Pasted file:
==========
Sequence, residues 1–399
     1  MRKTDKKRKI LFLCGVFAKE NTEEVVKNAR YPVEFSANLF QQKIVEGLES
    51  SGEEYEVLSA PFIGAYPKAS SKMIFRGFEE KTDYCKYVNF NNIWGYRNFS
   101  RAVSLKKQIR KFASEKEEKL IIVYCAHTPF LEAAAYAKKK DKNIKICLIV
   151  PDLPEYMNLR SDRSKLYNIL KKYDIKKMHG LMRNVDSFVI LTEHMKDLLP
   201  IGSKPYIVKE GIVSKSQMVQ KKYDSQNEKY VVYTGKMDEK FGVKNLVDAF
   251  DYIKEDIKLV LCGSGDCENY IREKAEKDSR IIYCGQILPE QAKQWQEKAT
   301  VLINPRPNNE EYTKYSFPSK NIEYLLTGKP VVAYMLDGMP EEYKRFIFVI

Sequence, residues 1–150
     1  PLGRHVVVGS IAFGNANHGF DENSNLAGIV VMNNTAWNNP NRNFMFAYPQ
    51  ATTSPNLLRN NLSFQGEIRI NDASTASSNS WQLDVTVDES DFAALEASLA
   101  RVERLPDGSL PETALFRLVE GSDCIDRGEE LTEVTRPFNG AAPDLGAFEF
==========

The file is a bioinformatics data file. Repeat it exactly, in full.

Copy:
Sequence, residues 1–399
     1  MRKTDKKRKI LFLCGVFAKE NTEEVVKNAR YPVEFSANLF QQKIVEGLES
    51  SGEEYEVLSA PFIGAYPKAS SKMIFRGFEE KTDYCKYVNF NNIWGYRNFS
   101  RAVSLKKQIR KFASEKEEKL IIVYCAHTPF LEAAAYAKKK DKNIKICLIV
   151  PDLPEYMNLR SDRSKLYNIL KKYDIKKMHG LMRNVDSFVI LTEHMKDLLP
   201  IGSKPYIVKE GIVSKSQMVQ KKYDSQNEKY VVYTGKMDEK FGVKNLVDAF
   251  DYIKEDIKLV LCGSGDCENY IREKAEKDSR IIYCGQILPE QAKQWQEKAT
   301  VLINPRPNNE EYTKYSFPSK NIEYLLTGKP VVAYMLDGMP EEYKRFIFVI

Sequence, residues 1–150
     1  PLGRHVVVGS IAFGNANHGF DENSNLAGIV VMNNTAWNNP NRNFMFAYPQ
    51  ATTSPNLLRN NLSFQGEIRI NDASTASSNS WQLDVTVDES DFAALEASLA
   101  RVERLPDGSL PETALFRLVE GSDCIDRGEE LTEVTRPFNG AAPDLGAFEF